Short Story: ‘Ali’s Family’ – Author is Gaylene AtkinsNZ ©2013.

As I haven’t popped up a blog post, or book review for a few weeks I thought you’d like a short story from my archives just for a change of pace. I wrote this one five years ago for an RWNZ short story competition. It didn’t place. But it’s still a story I like. Hope you enjoy it too.


THERE he was two rows from the front and halfway along the pew, I couldn’t have missed him; a familiar sensation whooshed through me ending with that intense gut-tightening feeling that’d made me leave in the first place. He stood tall and straight-backed, head-up at a proud tilt as he looked forward to the minister, singing; shoulders above everyone else. I’d come here with the hope of seeing him as much as paying my last respects to Violet Imogen Carter.

The hymn being sung, now a rising crescendo. While everyone was standing it was easier to lumber my way down the aisle and into the pew as if I had every right to be there, without causing too much of a stir by being late. Smiling to various people may have looked inappropriate to some, but never for Aunty Vi. ‘A genuine smile shared with loving warmth cannot be misread’ was one of her standard lines. To top that, I could clearly hear her saying, ‘and better late than not at all, eh dear?’ If she were here to speak, she wouldn’t have just been talking about my attending this funeral service for her either.

The last verse of ‘How Great Thou Art’ was almost at its conclusion. As some of the mourners lifted their voices in unison to another level for the final rousing chorus I inched and crabbed sideways along his pew, nudging and saying ‘excuse me’ until I was within one person of him.

He’d filled out. His mourning suit fit his ‘new to my eyes’ muscular frame, the once coal dark hair now greying at the temples and above his ears and cut much shorter than I remember him wearing it. It suited him perfectly.

I used to know the shape and form of every naked dip and hollow, the smoothness of his skin; eyes shut; hands roaming, fingers caressing. Then to have that touch returned; gently pulling me forward to hold and frame my face, as he looked at me, intensely, as if I were a precious cut crystal jewel or valuable piece of art and he wanted to commit the memory of the moment every single time, before he kissed me.

And to him, I guess I was worth it. Then.

I’d known the many facets of my personality had caught his interest a long time before we got to the kissing stage. The sun and rain, the blinking rainbows of colour that made me who I was, often reflected against the plain white walls of my bedroom as we discovered the basics of being human. Seeking comfort in one another as we learnt about sex on our journey of discovery. That first kiss had been twenty-one years ago. I’d been a skinny sometimes-introverted fifteen-year-old the first time we’d had sex; a hormonal driven teen with mood swings and manipulation tactics in place. To me, he’d been a butterfly—emerging from the ugliness that was sometimes an eighteen-year-old boy’s only way forward into manhood. I helped his transition. He showed me how to have some light in my dark.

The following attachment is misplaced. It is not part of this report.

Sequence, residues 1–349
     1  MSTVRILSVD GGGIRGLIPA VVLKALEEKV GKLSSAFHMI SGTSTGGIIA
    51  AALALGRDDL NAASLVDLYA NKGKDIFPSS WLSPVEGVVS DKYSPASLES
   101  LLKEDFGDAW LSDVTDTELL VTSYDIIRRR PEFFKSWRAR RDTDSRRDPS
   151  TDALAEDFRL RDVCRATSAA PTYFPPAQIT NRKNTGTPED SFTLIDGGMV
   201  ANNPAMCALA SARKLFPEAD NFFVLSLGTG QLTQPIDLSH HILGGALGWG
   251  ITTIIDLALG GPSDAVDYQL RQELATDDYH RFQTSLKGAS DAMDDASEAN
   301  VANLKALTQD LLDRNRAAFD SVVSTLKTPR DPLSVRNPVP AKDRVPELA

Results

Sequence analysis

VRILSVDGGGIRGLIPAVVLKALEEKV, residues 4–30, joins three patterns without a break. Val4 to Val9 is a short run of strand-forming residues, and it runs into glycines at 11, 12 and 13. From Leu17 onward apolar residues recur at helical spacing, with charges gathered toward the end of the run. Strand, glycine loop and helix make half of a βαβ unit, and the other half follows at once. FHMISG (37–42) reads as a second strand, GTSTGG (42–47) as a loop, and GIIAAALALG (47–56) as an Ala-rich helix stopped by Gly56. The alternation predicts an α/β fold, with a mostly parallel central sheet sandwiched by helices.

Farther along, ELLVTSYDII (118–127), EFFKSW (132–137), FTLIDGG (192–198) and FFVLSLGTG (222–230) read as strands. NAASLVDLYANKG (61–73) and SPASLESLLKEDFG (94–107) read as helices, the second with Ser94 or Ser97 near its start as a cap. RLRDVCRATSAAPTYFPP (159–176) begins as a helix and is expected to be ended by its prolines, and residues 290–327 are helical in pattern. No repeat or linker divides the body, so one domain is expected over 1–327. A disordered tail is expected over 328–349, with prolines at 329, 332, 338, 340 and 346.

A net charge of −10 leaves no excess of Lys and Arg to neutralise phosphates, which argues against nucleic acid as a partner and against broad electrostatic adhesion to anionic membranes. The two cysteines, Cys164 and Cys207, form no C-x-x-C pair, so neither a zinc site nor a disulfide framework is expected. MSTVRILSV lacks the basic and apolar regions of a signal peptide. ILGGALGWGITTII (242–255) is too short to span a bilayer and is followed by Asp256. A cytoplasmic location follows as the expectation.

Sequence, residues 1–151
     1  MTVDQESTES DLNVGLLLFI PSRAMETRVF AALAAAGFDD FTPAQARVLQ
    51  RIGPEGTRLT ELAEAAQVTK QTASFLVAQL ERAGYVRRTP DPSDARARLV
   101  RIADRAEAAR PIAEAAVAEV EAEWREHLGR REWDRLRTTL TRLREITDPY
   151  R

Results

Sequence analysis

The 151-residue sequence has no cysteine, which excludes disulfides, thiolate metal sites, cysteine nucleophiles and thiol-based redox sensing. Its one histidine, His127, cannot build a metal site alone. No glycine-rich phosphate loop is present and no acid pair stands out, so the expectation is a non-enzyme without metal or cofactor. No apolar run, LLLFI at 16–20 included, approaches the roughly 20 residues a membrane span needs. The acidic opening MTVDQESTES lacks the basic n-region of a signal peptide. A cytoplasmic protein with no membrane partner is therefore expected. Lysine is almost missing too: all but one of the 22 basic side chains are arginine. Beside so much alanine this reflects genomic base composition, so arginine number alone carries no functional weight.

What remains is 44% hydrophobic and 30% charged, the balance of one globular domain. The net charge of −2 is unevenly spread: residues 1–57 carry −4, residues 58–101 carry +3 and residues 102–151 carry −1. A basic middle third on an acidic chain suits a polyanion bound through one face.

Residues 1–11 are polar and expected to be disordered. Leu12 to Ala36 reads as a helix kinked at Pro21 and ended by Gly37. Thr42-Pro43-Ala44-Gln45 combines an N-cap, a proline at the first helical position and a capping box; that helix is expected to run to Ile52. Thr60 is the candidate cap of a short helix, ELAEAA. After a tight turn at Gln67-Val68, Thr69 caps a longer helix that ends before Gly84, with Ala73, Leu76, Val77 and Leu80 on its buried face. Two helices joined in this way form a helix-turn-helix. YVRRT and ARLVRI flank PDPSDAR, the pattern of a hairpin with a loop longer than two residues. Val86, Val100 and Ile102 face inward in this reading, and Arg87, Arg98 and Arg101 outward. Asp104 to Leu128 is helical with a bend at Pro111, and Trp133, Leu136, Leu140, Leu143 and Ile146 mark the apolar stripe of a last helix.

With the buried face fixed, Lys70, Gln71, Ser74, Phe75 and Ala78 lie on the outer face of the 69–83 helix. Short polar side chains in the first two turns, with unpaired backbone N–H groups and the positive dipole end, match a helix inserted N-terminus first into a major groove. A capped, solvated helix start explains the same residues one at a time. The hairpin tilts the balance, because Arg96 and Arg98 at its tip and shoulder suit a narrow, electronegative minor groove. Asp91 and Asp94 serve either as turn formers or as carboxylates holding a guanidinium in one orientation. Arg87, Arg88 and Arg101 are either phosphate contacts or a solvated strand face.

Stepping around one more singing mourner, I managed to squeeze myself in beside him. He glanced at me as I opened the service sheet and tried to sing the final few words of one of Vi’s favourite ‘churchy songs’. There had been a momentary flicker of something in his dark green eyes. Interest? Maybe it was a smile of relieved recognition. I hoped so.

As the hymn finished, I sat carefully. He remained standing and then moved past me, touching my cheek on the way; a soft feather like stroke as he got around my now awkwardly spread knees. Glancing down at the order of service, I knew he was giving the eulogy without having to see it confirmed. I blinked back salty tears and studied the sheet anyway. Sure enough, there it was, Eulogy—Dominick Boyd-Carter. My eyes roved and traced every letter of his name, fluttering heart and breath uneven as goose bumps tattooed up and down my spine.

The smooth cadence of his voice filled my head and took me on an old journey. I closed my eyes and indulged the sweetness of those memories for a second before opening them again to focus on him.

“Violet Imogen Carter wasn’t ‘just’ my mother. She was so much more for all of my life and that of many others. I’m honoured that she requested that I give this, her final speech.” He waved the sheaf of papers at us, “Mum wrote this and told me I could add to it if I wanted—but only if it was funny.” There was a murmur of laughter and whispers of how like Vi that was, from those around me.

“Vi was born to be a mother. She loved children and fostered over one hundred of us with as many as eight children in their farm-house home at any one time. She was a tough disciplinarian and she dished that out with equal measures of love. We all had our jobs and responsibilities within the framework of the home and on the farm. Bill was her rock and dearly loved husband for over sixty years. Their love showed me that being good-parents, in a strong relationship, was possible. Bill’s sudden passing away two months ago set this day in motion. Her heart broke along with her will to go on without the love of her favourite man to share each day with.”